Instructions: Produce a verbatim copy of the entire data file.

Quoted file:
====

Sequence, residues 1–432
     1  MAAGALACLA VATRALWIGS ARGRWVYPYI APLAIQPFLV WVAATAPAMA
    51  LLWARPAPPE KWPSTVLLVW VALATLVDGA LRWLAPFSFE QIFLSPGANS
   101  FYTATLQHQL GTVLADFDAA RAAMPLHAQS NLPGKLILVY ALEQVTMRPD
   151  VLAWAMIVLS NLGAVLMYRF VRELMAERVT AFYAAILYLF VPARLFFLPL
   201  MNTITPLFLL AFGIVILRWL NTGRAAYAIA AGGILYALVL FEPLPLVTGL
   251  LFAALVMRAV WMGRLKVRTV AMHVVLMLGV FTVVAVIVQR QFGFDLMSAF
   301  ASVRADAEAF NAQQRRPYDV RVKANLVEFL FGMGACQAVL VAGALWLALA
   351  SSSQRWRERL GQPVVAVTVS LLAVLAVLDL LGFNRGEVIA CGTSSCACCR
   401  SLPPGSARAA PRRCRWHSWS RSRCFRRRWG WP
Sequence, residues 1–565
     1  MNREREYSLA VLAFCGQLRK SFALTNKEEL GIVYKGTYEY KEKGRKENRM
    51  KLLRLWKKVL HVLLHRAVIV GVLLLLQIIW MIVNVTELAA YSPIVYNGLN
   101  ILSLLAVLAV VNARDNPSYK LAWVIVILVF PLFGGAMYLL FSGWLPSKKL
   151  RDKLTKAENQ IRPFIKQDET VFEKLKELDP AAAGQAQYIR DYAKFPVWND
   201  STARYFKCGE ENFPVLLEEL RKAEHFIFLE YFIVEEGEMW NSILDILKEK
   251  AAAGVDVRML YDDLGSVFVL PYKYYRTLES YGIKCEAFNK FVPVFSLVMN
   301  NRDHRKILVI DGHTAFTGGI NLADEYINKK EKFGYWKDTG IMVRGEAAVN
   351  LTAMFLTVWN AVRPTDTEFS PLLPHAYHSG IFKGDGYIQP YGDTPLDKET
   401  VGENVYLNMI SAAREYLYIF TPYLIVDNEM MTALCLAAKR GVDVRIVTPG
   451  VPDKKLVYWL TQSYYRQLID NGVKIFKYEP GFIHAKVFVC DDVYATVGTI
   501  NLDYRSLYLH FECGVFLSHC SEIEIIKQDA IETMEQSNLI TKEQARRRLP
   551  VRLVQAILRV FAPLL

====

Sequence, residues 1–432
     1  MAAGALACLA VATRALWIGS ARGRWVYPYI APLAIQPFLV WVAATAPAMA
    51  LLWARPAPPE KWPSTVLLVW VALATLVDGA LRWLAPFSFE QIFLSPGANS
   101  FYTATLQHQL GTVLADFDAA RAAMPLHAQS NLPGKLILVY ALEQVTMRPD
   151  VLAWAMIVLS NLGAVLMYRF VRELMAERVT AFYAAILYLF VPARLFFLPL
   201  MNTITPLFLL AFGIVILRWL NTGRAAYAIA AGGILYALVL FEPLPLVTGL
   251  LFAALVMRAV WMGRLKVRTV AMHVVLMLGV FTVVAVIVQR QFGFDLMSAF
   301  ASVRADAEAF NAQQRRPYDV RVKANLVEFL FGMGACQAVL VAGALWLALA
   351  SSSQRWRERL GQPVVAVTVS LLAVLAVLDL LGFNRGEVIA CGTSSCACCR
   401  SLPPGSARAA PRRCRWHSWS RSRCFRRRWG WP
Sequence, residues 1–565
     1  MNREREYSLA VLAFCGQLRK SFALTNKEEL GIVYKGTYEY KEKGRKENRM
    51  KLLRLWKKVL HVLLHRAVIV GVLLLLQIIW MIVNVTELAA YSPIVYNGLN
   101  ILSLLAVLAV VNARDNPSYK LAWVIVILVF PLFGGAMYLL FSGWLPSKKL
   151  RDKLTKAENQ IRPFIKQDET VFEKLKELDP AAAGQAQYIR DYAKFPVWND
   201  STARYFKCGE ENFPVLLEEL RKAEHFIFLE YFIVEEGEMW NSILDILKEK
   251  AAAGVDVRML YDDLGSVFVL PYKYYRTLES YGIKCEAFNK FVPVFSLVMN
   301  NRDHRKILVI DGHTAFTGGI NLADEYINKK EKFGYWKDTG IMVRGEAAVN
   351  LTAMFLTVWN AVRPTDTEFS PLLPHAYHSG IFKGDGYIQP YGDTPLDKET
   401  VGENVYLNMI SAAREYLYIF TPYLIVDNEM MTALCLAAKR GVDVRIVTPG
   451  VPDKKLVYWL TQSYYRQLID NGVKIFKYEP GFIHAKVFVC DDVYATVGTI
   501  NLDYRSLYLH FECGVFLSHC SEIEIIKQDA IETMEQSNLI TKEQARRRLP
   551  VRLVQAILRV FAPLL